Why is it important?

Because there is no better way to promote your business than other people’s recommendation of your products and services. And when your friends or customers invite other people they know and these people start buying from you too, they are another source of potential revenues for your business.

Aside from word-of-mouth marketing, other ways to measure your virality is through social pushes like sharing, invitations and promotions on Facebook, Twitter or Instagram.

How is Viral Coefficient computed?

You need to know three things:

  • the number of your current customers
  • the number of invites your current customers sent to their friends
  • and the percentage of their invited friends who converted

Suppose you have 150 current customers. Each of them sent out 20 invites to their friends. 50% of those new invites converted into customers.

150 current customers x 20 invites = 3,000 invites
3,000 invites x 50% = 1,500 new customers

Divide your total number of new customers by the number of your current customers.

1,500 new customers / 150 current customers = 10

10 is your viral coefficient. As time goes on, you would want to increase your viral coefficient by asking your newly acquired customers to invite people they know and so on.

Always aim for a viral coefficient value greater than 1.

A positive value means you are able to give your customers a positive user or shopping experience, your product fits perfectly with the market you are targeting, your cost of acquisition is low and your chances of earning more is high.

Take advantage of the snowball effect of word-of-mouth advertising, invitations and even rewards programs. More often than not, what you need to grow your startup is not in the bulk of paid advertisements you are willing to set up, but how often people talk about and recommend your business to others.

Startup metric #11: Referral

Referral is a spin-off to the viral coefficient because it tells you the percentage of your new customers who came from your current customers.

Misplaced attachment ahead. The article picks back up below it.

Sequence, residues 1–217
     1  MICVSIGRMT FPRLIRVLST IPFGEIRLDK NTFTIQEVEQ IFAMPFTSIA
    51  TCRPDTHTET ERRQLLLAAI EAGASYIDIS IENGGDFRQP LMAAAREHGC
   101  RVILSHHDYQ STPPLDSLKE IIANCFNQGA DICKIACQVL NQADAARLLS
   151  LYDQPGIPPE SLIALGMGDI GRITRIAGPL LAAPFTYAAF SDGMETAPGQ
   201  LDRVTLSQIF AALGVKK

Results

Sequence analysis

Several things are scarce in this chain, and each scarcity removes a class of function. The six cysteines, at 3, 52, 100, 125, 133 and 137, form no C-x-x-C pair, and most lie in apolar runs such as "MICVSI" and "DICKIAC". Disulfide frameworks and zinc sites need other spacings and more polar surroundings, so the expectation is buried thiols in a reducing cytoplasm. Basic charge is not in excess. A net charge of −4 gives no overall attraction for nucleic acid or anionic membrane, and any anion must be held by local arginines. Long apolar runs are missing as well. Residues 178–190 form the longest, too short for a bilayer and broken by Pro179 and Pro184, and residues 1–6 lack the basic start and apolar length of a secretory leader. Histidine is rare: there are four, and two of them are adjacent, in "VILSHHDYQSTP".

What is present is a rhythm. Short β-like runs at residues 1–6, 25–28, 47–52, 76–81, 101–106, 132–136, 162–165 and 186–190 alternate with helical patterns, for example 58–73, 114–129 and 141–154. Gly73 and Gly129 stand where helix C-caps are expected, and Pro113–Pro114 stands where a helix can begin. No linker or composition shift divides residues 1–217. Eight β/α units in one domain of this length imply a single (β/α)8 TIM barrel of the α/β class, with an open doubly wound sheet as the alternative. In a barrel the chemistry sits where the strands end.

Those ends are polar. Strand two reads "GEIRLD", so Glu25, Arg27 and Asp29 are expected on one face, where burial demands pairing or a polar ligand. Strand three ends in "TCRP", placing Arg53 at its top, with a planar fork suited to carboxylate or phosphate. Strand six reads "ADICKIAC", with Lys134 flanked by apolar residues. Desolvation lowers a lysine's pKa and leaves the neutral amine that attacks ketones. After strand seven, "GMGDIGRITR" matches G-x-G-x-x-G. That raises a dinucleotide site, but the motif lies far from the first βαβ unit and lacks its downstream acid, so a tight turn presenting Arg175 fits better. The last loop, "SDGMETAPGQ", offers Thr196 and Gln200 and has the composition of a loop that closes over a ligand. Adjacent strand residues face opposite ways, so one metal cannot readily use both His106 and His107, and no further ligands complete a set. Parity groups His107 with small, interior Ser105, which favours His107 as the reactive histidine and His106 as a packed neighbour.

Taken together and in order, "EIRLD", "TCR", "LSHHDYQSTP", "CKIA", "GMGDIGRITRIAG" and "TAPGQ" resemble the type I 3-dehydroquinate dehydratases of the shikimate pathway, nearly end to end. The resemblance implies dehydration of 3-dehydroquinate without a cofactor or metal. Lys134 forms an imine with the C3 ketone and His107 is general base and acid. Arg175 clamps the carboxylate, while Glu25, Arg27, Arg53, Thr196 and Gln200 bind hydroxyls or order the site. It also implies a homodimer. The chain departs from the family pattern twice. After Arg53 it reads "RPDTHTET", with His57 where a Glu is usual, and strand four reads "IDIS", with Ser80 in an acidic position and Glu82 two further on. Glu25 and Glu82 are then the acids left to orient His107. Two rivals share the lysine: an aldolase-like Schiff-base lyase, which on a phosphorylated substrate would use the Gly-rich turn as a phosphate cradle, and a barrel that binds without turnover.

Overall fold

Why is this important?

Because you need to identify how you were able to acquire your new customers – from what channel did they come from? Were they recommended by your current customers? Did they know about your business all by themselves?

Knowing your referral rate helps you add substance to your referral program and what marketing channel you need to optimize for better conversions.

A good way to separate a referral as a cause of virality versus a recommendation from an existing customer is to ask a new customer “how did you hear about us?”

Similar to viral coefficient, the higher your referral rate, the lower your cost of acquisition. Push your referral rate higher by reminding your customers to recommend your business or product to someone they know.

Now’s your turn

We just covered 11 startup metrics that we hope you can put to use as you study how your startup venture will reach its full potential.

As you are working your way up, begin with a few metrics first namely your CAC, revenue, burn rate and runway and LTV. As you grow more, use the other metrics, such as your CRR, activation rate, viral coefficient, referral and product metabolism. Pretty soon, you will see that these key metrics for startups are all connected to one another.

Are there other key metrics for startups that you are using? We’d love to hear about them in the comments below!

About the Author

John Komarek is the founder of Pixelter. He helped over 63 e-commerce businesses boost their mobile sales by up to 183.5%. He uses advanced UX research, A/B testing, and AI-driven personalization to deliver the results. Learn more about how he can help you grow your sales.